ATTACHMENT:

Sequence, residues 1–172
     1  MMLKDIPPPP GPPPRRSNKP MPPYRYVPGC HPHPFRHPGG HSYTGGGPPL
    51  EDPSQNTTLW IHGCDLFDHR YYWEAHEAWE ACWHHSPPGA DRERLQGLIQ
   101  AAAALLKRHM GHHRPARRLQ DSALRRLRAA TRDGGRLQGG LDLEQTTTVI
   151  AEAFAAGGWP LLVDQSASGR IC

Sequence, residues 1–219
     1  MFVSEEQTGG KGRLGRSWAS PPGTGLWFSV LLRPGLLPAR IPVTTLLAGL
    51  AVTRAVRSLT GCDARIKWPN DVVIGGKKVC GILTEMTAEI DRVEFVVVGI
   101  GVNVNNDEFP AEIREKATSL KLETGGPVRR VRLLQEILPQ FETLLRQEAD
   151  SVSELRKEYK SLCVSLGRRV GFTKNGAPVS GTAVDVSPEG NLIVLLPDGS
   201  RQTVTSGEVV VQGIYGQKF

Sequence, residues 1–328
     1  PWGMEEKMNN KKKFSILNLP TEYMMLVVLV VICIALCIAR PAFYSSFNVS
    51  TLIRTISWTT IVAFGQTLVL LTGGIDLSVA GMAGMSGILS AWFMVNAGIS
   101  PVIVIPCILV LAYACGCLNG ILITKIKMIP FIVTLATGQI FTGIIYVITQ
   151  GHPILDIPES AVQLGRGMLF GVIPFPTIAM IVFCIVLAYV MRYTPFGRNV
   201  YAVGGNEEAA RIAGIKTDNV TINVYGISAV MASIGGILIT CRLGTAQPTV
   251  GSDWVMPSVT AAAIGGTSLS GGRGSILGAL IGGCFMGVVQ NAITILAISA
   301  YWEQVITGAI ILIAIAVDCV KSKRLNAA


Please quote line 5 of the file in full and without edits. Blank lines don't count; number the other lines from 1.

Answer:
   151  AEAFAAGGWP LLVDQSASGR IC